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Financial Education

What Happens to Your 401(k) When You Switch Jobs?

Do you have one or more 401(k) accounts from previous jobs? Find out what you can do with this money and what to avoid.

401k golden nest egg on top of $20 bills.
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According to the Bureau of Labor Statistics, baby boomers held an average of 12.4 jobs between the ages of 18 and 54. It’s fair to assume members of Generations X, Y and Z will average as many if not more jobs in the same years given how the workplace has changed. Pensions that were prevalent decades ago are now practically extinct, as are any one-company careers they once made worthwhile.

Today, employers are far more likely to offer a 401(k) plan than a pension. So, what happens to your 401(k) account when you leave a job? You have four financially wise options to consider and one not-so-wise option unless it’s absolutely necessary.

1. Keep it with your former employer.

Fortunately, you don’t have to make a decision right away. Unless your 401(k) is worth less than $5,000 ($7,000 starting in 2024), most plans allow you to keep it with your former employer. This gives you time to compare and contrast all your options to find the best choice for your financial situation.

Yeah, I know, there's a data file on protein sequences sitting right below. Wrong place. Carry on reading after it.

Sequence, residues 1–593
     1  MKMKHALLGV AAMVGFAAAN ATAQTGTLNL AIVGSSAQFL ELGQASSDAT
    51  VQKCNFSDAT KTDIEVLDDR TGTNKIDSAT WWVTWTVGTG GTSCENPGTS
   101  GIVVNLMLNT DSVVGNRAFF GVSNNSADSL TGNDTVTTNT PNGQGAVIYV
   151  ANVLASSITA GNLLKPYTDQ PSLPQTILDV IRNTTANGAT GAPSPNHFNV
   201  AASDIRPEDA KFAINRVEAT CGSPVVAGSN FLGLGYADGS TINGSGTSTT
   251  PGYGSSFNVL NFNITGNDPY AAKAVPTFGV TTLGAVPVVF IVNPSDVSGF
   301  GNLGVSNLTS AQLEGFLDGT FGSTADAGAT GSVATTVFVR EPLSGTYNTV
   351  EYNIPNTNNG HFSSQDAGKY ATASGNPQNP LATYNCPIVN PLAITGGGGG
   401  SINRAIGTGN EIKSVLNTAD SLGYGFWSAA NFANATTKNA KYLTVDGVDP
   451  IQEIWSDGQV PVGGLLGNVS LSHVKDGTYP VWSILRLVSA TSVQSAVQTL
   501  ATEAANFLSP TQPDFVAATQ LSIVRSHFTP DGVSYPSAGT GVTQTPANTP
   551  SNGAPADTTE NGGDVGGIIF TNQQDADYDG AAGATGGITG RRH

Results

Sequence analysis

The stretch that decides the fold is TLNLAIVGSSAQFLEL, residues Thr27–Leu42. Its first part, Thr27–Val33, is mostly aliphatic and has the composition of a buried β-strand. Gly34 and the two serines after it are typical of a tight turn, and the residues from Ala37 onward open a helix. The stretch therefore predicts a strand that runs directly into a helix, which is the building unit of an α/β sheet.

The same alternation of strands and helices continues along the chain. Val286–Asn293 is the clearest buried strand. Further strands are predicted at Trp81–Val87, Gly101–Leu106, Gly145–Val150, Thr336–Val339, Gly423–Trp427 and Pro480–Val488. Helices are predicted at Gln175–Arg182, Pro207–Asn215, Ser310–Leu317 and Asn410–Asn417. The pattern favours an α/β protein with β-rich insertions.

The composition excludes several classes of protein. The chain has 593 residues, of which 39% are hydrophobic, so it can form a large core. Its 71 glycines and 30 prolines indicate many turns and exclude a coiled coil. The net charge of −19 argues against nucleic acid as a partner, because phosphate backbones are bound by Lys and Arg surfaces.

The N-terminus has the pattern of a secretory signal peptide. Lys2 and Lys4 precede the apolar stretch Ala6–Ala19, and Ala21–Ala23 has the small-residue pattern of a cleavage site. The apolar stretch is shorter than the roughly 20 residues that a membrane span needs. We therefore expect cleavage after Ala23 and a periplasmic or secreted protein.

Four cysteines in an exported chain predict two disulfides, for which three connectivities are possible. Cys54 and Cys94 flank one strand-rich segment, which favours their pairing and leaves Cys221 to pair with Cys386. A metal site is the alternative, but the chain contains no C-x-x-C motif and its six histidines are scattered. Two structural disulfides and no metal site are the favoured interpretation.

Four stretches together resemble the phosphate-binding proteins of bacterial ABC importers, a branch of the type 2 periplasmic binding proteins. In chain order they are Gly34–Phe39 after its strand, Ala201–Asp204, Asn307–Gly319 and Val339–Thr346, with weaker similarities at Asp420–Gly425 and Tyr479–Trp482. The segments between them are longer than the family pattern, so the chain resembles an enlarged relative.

Long term, answering some key questions will tell you if it makes sense to leave your 401(k) where it is:

  • How many and what kind of mutual funds can you invest in through the plan?
  • Will those investment vehicles help you reach your retirement goals?
  • How high are the plan’s fees?

Many people move their 401(k)s for the following reasons:

  • For more investment choices and lower fees
  • To consolidate financial accounts, making it easier to track the total amount of retirement savings and maintain an age- and risk-appropriate balance between stocks, bonds and cash
  • Because contributions to it are no longer allowed

2. “Direct transfer” it to a new employer’s 401(k) plan.

You can also take your old 401(k) with you to your new employer, assuming a few things:

  • It sponsors a 401(k) plan.
  • That plan accepts rollovers.
  • You like the investment options and are okay with the plan’s fees.

You also need to participate in your new employer’s plan for this option to work. Sometimes, there is a waiting period before you’re eligible. In that case, leave your old 401(k) where it is until you’re able to open your new 401(k).

Once opened, let the new plan administrator know that you want to rollover your old account into your new one. Request this as a direct transfer, which means you won’t incur any penalties or taxes. The administrator will tell you what you need to do next, which will include contacting the old plan’s administrator.

In many cases, the two plan administrators can manage the entire process electronically in a direct trustee-to-trustee transfer. Otherwise, the old plan administrator sends a check made out as directed by the new plan administrator. Ideally, this check is sent directly to the new administrator. However, some plans require that the check be sent directly to you. You’re then responsible for delivering it to the new plan administrator.

3. Roll it over into a traditional IRA.